Um, yes, there’s precedent for trying to sneak in some reruns. The song “mercy, mercy me” got re-released: But this was only after cutting out my favorite part, the sonar pings. And Cher gave her bank account a boost by re-releasing “I’ve got you babe:” But this was only after tacking on an introduction with Beavis and Butthead. Those two idiots! I would rather Cher had tacked on some sonar! The trick, of course, is once you tack or delete, then you can pander to your audience by giving them the excuse that your piece is “new” and “improved.” And why not say it’s “exciting,” too?

My, such a fine line between pandering and patronizing. Could you even say, “insulting?” Nope! The same public that “consumes” TV and electronics seems to be far beyond noticing any insults. I’ve certainly read a lot of copy about Beavis and Butthead, and almost none of it has been unfavorable.

Many Internet users, of course, although they are “reading” the screen, are the same zombies who would not be reading at all, but passively watching TV, if only they weren’t at a computer. Still, dear reader, if you’re alive enough to read essays, and “only a live fish swims upstream,” then you don’t need me to be pandering. For you, my reruns can be un-new and un-improved.

Regardless of hit counts—hit counts be damned!—Every writer, in the dark hour of the wolf, must wonder whether his output has any meaning. Recently I noticed—and “recently” is the truth, I’m not pandering—that of the 25 titles on my last page, the second most number of hits were to a rerun of Angry With Michael Crichton. No surprise there, since Michael is world famous. My surprise is: The most hits were for a (Blair, being Smart) a testimonial to my friend, the late Blair Petterson. I’m touched, I hadn’t thought anyone would notice.

Truly Blair had friends around the world.

Sean Crawford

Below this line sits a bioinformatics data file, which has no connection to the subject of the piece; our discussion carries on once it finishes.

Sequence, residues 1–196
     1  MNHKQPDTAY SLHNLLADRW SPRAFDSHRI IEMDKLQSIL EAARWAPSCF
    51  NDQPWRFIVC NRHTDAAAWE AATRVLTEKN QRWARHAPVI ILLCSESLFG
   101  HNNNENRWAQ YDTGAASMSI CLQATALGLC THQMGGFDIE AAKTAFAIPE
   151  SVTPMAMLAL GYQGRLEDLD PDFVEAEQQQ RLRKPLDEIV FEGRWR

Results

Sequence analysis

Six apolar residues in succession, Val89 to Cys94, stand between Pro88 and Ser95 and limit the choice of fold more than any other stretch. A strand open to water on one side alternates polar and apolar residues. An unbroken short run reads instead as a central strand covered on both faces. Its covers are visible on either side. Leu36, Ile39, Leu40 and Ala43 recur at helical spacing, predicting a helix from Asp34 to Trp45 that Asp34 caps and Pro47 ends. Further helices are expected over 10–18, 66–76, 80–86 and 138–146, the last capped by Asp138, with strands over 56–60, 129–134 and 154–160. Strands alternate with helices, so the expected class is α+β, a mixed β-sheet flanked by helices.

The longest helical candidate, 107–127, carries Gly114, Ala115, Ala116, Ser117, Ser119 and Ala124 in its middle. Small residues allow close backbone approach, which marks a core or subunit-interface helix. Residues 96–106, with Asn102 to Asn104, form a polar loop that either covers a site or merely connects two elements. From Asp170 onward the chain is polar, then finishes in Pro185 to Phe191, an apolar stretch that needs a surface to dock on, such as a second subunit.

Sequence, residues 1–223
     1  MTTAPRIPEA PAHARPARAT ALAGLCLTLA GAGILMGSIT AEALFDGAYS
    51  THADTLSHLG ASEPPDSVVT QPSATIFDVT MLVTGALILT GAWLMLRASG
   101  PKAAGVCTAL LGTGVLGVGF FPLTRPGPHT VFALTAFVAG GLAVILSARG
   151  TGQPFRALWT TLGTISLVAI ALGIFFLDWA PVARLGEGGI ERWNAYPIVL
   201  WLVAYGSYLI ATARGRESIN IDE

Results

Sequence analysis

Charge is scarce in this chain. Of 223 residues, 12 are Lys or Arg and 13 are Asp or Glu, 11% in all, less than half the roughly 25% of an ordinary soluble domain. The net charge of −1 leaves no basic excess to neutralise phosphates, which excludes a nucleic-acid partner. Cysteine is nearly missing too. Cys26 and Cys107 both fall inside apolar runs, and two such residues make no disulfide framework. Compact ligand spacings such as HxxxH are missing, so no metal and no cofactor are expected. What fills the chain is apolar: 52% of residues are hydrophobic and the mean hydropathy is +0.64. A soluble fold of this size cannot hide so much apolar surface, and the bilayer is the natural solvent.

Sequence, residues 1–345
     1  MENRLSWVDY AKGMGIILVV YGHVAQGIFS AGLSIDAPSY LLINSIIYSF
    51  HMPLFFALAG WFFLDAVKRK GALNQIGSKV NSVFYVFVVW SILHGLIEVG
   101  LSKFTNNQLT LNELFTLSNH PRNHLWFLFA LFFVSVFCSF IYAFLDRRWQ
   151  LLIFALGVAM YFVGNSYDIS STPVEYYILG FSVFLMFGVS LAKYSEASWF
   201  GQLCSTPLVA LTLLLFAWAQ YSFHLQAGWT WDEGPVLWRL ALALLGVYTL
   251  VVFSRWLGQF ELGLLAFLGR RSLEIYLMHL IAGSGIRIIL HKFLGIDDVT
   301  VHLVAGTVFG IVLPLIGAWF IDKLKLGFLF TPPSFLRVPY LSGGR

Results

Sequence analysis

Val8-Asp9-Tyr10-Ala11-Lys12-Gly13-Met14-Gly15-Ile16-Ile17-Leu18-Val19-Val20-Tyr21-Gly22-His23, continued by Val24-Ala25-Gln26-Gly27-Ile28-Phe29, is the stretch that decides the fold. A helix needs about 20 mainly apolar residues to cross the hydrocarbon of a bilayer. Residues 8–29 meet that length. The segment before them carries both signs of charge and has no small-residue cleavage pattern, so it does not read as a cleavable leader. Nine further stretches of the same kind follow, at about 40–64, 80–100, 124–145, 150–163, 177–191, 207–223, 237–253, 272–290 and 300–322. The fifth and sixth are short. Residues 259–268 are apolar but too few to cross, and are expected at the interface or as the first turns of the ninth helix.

January 2012
Footnote: Hour of the wolf: “It’s the time between 3:00 and 4:00 in the morning. You can’t sleep, and all you can see is the troubles and the problems and the way your life should’ve gone but didn’t. All you can hear is the sound of your own heart.”
Susan Ivanova, in Babylon-5,
by J. Michael Straczynski, 1996

Update, to groan or laugh: So, on Wednesday, Jan 12, I came home after finishing a long shift at 11:30 p.m. and decided to post from my "word." I should have waited until I was fresh in the morning. Not only did I misspell the man (JMS) I had spelled rightly, in the above footnote, but I forgot to type in my URL, something I have never forgotten before. Groan, laugh.

Too bad, because I had over 500 hits by morning, and over 1000 when I came home from my day shift.
So far, the hit counts for my most popular posts are only in the 3 digits, and only after a long time. Now here is 4 digits, in 24-hours.
Why? 'Cause it's a "fanboy" post, and so I guess it's OK that I forgot the URL: Such people won't return to an essay site, anyways. Sour grapes.

~The really good news: JMS twittered, "Yeah, it's a nice little piece, thanks for the heads up." This, from a colleague, means more to me than being clicked on by curious web fans. A nice little piece.

~Oh, and remember that one leper out of ten? That one guy must have been special, because from fanboys I am at zero comments per thousand. Fanboys.